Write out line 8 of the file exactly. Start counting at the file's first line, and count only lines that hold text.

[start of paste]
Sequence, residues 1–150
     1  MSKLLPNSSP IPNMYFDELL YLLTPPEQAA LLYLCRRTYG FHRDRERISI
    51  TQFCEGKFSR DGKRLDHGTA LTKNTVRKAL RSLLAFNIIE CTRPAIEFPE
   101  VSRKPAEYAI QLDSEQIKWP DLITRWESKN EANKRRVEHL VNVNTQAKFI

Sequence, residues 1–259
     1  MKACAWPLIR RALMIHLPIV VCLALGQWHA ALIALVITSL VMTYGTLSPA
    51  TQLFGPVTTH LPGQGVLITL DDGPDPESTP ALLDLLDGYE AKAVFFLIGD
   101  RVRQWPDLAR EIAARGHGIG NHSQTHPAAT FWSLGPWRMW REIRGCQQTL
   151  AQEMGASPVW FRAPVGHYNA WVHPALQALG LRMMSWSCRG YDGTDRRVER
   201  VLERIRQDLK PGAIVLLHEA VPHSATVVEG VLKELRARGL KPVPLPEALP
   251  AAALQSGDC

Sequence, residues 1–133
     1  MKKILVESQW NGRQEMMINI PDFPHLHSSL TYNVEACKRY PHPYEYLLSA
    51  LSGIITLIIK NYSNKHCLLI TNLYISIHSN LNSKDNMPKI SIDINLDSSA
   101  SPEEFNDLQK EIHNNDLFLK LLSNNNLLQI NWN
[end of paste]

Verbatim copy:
   101  RVRQWPDLAR EIAARGHGIG NHSQTHPAAT FWSLGPWRMW REIRGCQQTL